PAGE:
4. ^ "The RECCO Story". Sports Insight.
  5. ^ a b c d "RECCO History". recco.com.
  6. ^ "Avsnitt 207, historien om RECCO med grundaren Magnus Granhed!". HUSKY INTERNATIONAL.
  7. ^ a b c d "How RECCO's latest innovation helps everyone going into the backcountry". wepowder.com. Retrieved 27 February 2019.
  8. ^ "7 Points To Explain The RECCO Rescue Technology" (PDF). kuhl.com.
  9. ^ "Recco To Debut New Technology At Summer Outdoor Retailer + Outdoor By ISPO Trade Shows". snowindustrynews.com. Retrieved 19 June 2019.
  10. ^ a b c d e "RECCO® Technology". recco.com.
  11. ^ Rasilainen, Kimmo; Viikari, Ville (2015). "Transponder Designs for Harmonic Radar Applications". International Journal of Antennas and Propagation. 2015: 1–9. doi:10.1155/2015/565734.
  12. ^ "Be searchable!" (PDF). International Commission for Alpine Rescue. 2015. Retrieved 27 February 2021.
  13. ^ "This company says its reflector system could help search and rescue teams find lost hikers faster". nsnews.com. Retrieved 28 July 2019.
  14. ^ Gorman, James. "One Simple Signal Sets Off a Complicated Frog Journey". NY Times. The New York Times.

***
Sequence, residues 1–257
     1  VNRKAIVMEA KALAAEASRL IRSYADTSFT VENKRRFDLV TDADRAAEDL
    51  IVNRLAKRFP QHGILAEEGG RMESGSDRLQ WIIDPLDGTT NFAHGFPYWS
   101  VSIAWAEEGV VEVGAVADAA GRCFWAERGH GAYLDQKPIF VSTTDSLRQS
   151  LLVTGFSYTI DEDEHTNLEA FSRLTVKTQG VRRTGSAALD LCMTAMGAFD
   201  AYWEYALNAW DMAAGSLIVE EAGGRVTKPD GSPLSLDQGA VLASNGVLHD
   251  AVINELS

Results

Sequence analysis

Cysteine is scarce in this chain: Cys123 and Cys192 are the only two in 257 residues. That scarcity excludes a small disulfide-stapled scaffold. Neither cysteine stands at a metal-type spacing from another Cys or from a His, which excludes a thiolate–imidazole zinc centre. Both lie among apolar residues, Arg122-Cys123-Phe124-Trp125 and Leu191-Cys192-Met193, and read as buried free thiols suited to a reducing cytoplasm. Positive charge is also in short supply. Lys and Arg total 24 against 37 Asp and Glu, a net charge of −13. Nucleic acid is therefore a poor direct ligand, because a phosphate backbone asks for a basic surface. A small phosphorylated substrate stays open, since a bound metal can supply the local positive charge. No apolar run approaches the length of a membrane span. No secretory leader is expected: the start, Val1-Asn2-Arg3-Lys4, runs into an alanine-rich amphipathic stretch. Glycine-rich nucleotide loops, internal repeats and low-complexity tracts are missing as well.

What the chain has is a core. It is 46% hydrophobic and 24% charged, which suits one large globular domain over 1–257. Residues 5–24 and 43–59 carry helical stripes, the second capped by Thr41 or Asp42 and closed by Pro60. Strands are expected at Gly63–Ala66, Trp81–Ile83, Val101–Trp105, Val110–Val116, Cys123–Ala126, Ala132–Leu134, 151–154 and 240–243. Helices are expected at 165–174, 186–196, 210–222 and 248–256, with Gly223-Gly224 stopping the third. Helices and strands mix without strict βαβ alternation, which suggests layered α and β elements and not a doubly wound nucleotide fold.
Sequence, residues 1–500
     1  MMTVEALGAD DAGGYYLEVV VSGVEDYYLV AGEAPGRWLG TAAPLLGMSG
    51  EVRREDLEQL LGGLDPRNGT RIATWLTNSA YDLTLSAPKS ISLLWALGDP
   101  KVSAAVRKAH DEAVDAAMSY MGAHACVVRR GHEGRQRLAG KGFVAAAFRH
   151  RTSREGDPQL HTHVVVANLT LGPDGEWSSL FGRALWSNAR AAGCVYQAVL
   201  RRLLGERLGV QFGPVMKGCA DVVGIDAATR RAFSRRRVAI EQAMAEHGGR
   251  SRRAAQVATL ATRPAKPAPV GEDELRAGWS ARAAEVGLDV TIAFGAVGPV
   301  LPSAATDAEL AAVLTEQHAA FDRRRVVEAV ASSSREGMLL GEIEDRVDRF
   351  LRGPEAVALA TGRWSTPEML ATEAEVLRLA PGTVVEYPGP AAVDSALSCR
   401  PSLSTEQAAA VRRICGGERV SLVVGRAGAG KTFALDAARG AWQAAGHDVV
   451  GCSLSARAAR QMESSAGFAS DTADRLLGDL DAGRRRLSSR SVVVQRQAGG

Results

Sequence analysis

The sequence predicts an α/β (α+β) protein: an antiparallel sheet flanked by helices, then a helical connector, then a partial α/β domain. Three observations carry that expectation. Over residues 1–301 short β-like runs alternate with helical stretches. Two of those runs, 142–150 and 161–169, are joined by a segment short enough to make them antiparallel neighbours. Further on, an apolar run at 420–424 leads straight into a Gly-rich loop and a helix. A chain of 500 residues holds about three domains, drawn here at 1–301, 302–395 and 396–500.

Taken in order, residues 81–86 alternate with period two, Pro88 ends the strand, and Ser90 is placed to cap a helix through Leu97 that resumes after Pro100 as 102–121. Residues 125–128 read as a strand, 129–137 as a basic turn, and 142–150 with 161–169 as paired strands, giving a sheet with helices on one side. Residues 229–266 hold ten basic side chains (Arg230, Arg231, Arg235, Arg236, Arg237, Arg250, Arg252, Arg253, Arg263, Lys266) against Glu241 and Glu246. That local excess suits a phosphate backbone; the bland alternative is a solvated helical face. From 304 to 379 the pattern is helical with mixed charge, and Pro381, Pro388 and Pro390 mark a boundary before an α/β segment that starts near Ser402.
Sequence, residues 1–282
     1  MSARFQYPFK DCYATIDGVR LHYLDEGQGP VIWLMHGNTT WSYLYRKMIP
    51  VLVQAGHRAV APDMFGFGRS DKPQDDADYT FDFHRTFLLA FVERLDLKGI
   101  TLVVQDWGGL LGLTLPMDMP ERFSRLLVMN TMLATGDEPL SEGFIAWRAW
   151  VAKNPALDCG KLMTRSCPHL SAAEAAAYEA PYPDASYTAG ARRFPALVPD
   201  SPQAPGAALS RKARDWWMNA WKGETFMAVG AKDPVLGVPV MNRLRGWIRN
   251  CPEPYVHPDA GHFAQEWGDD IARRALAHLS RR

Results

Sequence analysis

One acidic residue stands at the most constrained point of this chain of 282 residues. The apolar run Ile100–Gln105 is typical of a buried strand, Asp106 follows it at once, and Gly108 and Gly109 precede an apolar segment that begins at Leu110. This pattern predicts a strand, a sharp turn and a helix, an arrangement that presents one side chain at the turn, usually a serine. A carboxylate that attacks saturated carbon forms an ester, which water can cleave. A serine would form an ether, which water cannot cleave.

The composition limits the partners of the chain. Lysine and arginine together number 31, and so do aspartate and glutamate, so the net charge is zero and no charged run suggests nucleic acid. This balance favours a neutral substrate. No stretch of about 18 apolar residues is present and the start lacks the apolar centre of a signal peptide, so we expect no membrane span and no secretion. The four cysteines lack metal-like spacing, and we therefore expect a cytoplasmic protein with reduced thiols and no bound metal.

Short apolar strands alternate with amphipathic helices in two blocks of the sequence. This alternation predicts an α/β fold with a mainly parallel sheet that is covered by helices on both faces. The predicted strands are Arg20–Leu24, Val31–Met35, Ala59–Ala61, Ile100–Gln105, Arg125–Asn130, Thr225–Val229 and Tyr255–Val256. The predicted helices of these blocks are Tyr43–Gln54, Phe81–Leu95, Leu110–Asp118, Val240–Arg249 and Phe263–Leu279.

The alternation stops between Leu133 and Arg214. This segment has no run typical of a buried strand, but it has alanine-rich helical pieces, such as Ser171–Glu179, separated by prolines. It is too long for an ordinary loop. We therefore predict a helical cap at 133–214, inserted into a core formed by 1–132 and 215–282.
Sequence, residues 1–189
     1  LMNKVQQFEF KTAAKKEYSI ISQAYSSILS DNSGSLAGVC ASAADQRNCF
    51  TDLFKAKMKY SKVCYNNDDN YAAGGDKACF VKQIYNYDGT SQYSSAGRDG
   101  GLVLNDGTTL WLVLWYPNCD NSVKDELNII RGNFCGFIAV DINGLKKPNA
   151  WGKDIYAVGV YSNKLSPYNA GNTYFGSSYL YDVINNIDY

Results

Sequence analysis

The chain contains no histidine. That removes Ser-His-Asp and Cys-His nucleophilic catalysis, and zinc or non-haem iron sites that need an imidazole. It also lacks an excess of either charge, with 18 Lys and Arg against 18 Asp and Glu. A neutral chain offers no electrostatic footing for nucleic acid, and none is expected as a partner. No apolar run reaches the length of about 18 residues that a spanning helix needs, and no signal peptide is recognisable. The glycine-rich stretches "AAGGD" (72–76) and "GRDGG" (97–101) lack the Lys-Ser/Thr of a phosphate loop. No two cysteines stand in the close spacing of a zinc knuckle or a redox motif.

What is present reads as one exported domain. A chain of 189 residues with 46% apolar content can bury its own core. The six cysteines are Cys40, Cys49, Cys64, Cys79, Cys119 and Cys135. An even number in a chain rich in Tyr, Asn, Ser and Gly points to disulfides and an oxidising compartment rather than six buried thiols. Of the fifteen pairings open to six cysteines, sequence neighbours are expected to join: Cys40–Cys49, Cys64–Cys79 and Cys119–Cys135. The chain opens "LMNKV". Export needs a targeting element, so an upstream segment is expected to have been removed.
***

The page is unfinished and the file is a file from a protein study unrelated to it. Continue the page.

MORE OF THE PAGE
15. ^ Mowbray, Sean. "Tracking the tiny: Harmonic direction finders aid study of small amphibians". Mongabay.
  16. ^ O'Neal, M.E.; Landis, D.A.; Rothwell, E.; Kempel, L.; Reinhard, D. (2004). "Tracking Insects with Harmonic Radar: a Case Study" (PDF). American Entomologist. 50 (4): 212–218. doi:10.1093/ae/50.4.212. To investigate the logistics of harmonic radar use in the field, we obtained a RECCO transmitter/receiver … unit in May 2000 for $7,500. The RECCO unit uses a 5-element yagi antenna for transmission and a 4-element patch array for reception … the 5-element yagi antenna … transmits the initial 917 MHz signal. … the operator holds the second 4-element antenna that receives the 1834 MHz reflected signal.